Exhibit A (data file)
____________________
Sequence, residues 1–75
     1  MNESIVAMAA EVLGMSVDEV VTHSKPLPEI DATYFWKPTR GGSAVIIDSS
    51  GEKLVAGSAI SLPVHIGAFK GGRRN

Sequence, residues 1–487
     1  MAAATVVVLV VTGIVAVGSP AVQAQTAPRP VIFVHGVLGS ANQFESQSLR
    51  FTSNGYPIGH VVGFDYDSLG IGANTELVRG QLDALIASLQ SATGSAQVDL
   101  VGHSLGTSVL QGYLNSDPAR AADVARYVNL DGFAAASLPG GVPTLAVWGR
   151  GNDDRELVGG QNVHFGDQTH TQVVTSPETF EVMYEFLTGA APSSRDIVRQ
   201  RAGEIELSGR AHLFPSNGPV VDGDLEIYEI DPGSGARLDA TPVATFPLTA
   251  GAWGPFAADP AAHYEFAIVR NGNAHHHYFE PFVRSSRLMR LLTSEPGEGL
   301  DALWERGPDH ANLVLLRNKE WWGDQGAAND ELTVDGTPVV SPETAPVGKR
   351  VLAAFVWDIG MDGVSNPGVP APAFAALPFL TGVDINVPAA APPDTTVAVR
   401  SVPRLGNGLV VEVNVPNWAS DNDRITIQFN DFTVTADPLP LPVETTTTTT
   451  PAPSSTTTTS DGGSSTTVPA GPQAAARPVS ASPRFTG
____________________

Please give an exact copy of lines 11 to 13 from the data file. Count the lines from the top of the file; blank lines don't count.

   301  DALWERGPDH ANLVLLRNKE WWGDQGAAND ELTVDGTPVV SPETAPVGKR
   351  VLAAFVWDIG MDGVSNPGVP APAFAALPFL TGVDINVPAA APPDTTVAVR
   401  SVPRLGNGLV VEVNVPNWAS DNDRITIQFN DFTVTADPLP LPVETTTTTT